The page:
‘It wouldn’t be worth us opening up’

Hairdressers and beauty salon operators are calling on the NSW Government to scrap a client limit to be imposed under the state's roadmap to freedom.

According to the guidelines announced by NSW Premier Gladys Berejiklian last week, hairdressers and beauty salons will join pubs, gyms and retail shops in being able to open up to the fully vaccinated in mid-October.

All venues will need to abide by a one person per four square metre rule. In addition to the restriction, hair and beauty salons have been told they can only see five clients at a time.

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The Bridal Bar owner Amy Campbell has started an online petition calling for salon client limits to be scrapped.

But hairdressers say the client limit is impractical for larger salons and means they will actually lose money when they finally emerge from an already financially devastating lockdown.

An online petition started by Amy Campbell, who owns The Bridal Bar in Sydney's south – protesting the five-client limit – has already attracted more than 12,000 signatures.

It comes as Health Minister Brad Hazzard said he sympathised with the difficulty the client limit presented for larger salons and indicated the rule could be relaxed in future.

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Ms Campbell said the client limit did not make any sense and could be compared to a 30-minute time limit the government tried to impose on haircuts last year, which was ultimately scrapped.

"It shows that the person making these rules isn't in the industry or talking to anyone in the industry because a five-client limit is not really possible for most salons," she said.

"It wouldn't be worth us opening up."

The Bridal Bar is both a hair and beauty salon and, at 400 square metres, has several rooms which can be closed off.

Ayden Hawkins-Keen and Kaine Vakai, from Kaine Vakai Hair Artistry, say the planned client limit of five is not sustainable.

"If you were going by the four square metre rule, I could technically have 100 bodies on my property and be fine," Ms Campbell said.

"We don't want 100 bodies but we want to be able to have at least 20 clients at a time to be able to function."

Under the five-client limit, the majority of Ms Campbell's 14 staff members would remain without work, she said.

Ms Campbell said the client limit appeared to be out of step when compared to the rules for gyms, which cap classes at 20 members.

"Why are we being discriminated against just because of the industry we're in?" she said.

"This is extremely unfair when gyms are allowed 20 per class and we believe hair and beauty should be treated the same."

Ayden Hawkins-Keen, who co-owns the Sutherland salon Kaine Vakai Hair Artistry with his partner Kaine, said he and other business owners were happy to abide by a one person per four metre square rule.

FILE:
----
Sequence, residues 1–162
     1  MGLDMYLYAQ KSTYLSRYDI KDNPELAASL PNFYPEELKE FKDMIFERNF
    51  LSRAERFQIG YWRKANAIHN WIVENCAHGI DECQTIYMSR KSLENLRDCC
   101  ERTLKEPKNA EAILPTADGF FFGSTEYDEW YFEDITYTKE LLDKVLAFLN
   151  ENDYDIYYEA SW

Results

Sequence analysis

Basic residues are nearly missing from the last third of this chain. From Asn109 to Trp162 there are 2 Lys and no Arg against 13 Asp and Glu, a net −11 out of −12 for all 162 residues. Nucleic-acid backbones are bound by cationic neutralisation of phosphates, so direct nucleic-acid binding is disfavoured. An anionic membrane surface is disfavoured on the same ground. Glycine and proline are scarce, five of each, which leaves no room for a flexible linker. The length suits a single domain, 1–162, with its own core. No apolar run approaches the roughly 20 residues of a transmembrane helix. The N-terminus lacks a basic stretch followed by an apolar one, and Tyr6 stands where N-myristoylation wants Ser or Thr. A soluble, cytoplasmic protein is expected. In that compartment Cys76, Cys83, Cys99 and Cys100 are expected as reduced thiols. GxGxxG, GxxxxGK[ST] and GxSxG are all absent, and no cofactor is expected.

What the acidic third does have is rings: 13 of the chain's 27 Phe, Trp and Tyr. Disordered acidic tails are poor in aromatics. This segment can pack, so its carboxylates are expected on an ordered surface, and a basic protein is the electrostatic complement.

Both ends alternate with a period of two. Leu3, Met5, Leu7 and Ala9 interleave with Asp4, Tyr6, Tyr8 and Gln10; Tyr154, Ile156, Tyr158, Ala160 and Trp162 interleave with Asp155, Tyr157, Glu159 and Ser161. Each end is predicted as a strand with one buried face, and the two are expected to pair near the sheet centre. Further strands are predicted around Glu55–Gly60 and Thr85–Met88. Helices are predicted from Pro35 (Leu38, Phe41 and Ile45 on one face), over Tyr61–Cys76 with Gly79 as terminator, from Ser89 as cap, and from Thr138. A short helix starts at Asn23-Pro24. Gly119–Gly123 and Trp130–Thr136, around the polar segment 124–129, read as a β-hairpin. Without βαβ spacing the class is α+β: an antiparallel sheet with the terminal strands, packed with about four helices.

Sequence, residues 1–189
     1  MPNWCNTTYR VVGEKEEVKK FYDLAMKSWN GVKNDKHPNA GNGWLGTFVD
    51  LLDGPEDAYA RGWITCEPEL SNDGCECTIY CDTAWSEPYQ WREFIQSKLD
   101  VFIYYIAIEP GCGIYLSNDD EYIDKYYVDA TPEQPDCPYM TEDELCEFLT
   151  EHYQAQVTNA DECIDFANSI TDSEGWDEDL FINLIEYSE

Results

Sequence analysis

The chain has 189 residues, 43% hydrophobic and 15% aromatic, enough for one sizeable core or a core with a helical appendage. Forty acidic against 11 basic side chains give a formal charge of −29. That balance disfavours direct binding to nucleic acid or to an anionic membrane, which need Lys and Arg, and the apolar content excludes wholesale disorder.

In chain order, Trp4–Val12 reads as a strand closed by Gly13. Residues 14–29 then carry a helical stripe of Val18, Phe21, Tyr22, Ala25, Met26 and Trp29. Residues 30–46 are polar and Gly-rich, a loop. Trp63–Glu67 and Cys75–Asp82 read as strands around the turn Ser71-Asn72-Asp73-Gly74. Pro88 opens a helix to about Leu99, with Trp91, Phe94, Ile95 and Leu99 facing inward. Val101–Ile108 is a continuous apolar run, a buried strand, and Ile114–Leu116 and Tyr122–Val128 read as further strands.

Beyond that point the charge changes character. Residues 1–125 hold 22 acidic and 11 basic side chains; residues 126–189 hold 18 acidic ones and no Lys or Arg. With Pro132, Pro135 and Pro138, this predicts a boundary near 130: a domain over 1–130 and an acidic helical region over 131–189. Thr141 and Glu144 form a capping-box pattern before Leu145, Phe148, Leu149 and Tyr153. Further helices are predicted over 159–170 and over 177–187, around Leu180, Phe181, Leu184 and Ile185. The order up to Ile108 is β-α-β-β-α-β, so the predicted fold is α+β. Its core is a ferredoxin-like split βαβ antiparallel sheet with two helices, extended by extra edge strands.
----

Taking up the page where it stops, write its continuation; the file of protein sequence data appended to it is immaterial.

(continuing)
However, a five-client limit would be financially crippling, he said.

"It costs us at least $20,000 to keep our salon afloat each week. There is no way we are going to be able to sustain things with the money we would be making," he said.

"We would be better off staying locked down.

"We have 11 staff members and obviously can't bring back all of them back under those rules so they're the ones that are going to suffer, as well the business."

Ayden Hawkins-Keen and Kaine Vakai, from Kaine Vakai Hair Artistry, say the planned client limit of five is not sustainable.

When asked about the client limit rules for salons at yesterday's NSW COVID-19 press conference, Mr Hazzard acknowledged the difficulties of trying to make rules which fit across whole industries.

"The requirements that have been put in place at the moment are broad scale … to give people a sense of where we're going," Mr Hazzard said.

"The limit of five in a hairdressers, some of them are very large premises, and it may well be that we can, as we move forward and get more people vaccinated, actually make that a much more flexible arrangement.

"I'm very sympathetic to that. I'd like to be able to convince our chief health officer and other senior epidemiologists that that's where we can get to."

However, Mr Hazzard pointed to the outbreak at the Joh Bailey hair salon in Sydney's eastern suburbs earlier this year, which saw almost 1000 people out in isolation, as an example of why health authorities needed to cautious.

"A lot of cases came out of that, a lot of cases, so we do need to actually be conscious of that, but also we need to get back to normality as quickly as we can," he said.

Contact reporter Emily McPherson at emcpherson@nine.com.au.

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